From dream to nightmare, deportations soar in U.S.

NEW YORK, Nov. 30, 2010 – While the U.S. Congress idles on the passage of the DREAM Act, immigrants here face ever harsher treatment. The rate of deportations has increased by 1,200 percent since 1990, from 30,000 per year then to a staggering 360,000 under the Barack Obama administration.

These numbers, taken from a recent study by the New York Immigration Coalition, also show that roughly 1,000 immigrants are deported every day.

In 2001, a small piece of federal immigration legislature known as the Development, Relief and Education for Alien Minors (DREAM) Act was proposed in the Senate.

On Nov. 30, nearly a decade later, the House of Representatives is supposed to finally vote on the bill, which provides certain relief measures for immigrant youth who are currently weathering the greatest anti-immigration storm this country has seen.

The bill allows young immigrants the opportunity to earn conditional permanent residency, provided they graduated from U.S. high schools, are of sound “moral character”, arrived in the U.S. as minors, and have been in the country continuously for at least five years prior to the bill’s enactment.

The DREAM Act also stipulates that youth meeting these criteria perform either two years of military service or spend four years at an institution of higher learning.

The DREAM Act barely comes close to the “comprehensive immigration reform package” that Obama promised his constituency, yet it faces intense opposition in both the House and Senate, and has become the only issue up for debate in Washington.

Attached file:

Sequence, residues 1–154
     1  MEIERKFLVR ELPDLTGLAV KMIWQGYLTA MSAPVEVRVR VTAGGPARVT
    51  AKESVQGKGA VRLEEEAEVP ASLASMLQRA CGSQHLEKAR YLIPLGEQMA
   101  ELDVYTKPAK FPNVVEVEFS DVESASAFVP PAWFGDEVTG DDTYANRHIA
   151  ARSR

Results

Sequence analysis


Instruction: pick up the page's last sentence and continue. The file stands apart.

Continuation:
But away from Capitol Hill, major immigration advocates are grappling with even more pressing concerns.

On Nov. 21, the New York Immigration Coalition (NYIC), an umbrella organization with over 200 members, held a rally at St. Brigid’s church in Brooklyn to garner support for the DREAM Act and to protest the Secure Communities program initiated by the Immigration and Customs Enforcement unit (ICE) of the Department of Homeland Security.

Secure Communities, launched in 2008, is designed to identify immigrants in U.S. jails who are deportable under immigration law. According to the Immigration Policy Center, “participating jails submit arrestees’ fingerprints not only to criminal databases but to immigration databases as well, allowing ICE access to information on individuals held in jails.”

Secure Communities is available in 686 jurisdictions in 33 states, with a projected presence in every state and each of the 3,100 state and local jails throughout the U.S. by 2013.

According to the Immigration Policy Center, “Unlike other ICE-local partnerships, Secure Communities gives ICE a technological, not a physical, presence inside the jails. There is the concern that [Secure Communities] will give police officers the incentive, or at least the ability, to make arrests based on race or ethnicity, or to make pretextual arrests of persons they ‘suspect’ to be in violation of immigration laws in order to have them run through immigration databases once they are jailed.”

Thanu Yakupitiyage, media relations associate at the NYIC, told IPS, “The problem with Secure Communities is that it focuses on an enforcement-only approach that is insufficient for fixing our broken immigration system.”

“While its intended purpose is to target immigrants with criminal records, an analysis of the program has shown that fully 79 percent of people caught in the deportation dragnet of Secure Communities have no criminal background whatsoever, or have committed only minor violations (such as traffic offences),” she said.

Addressing the crowd of over

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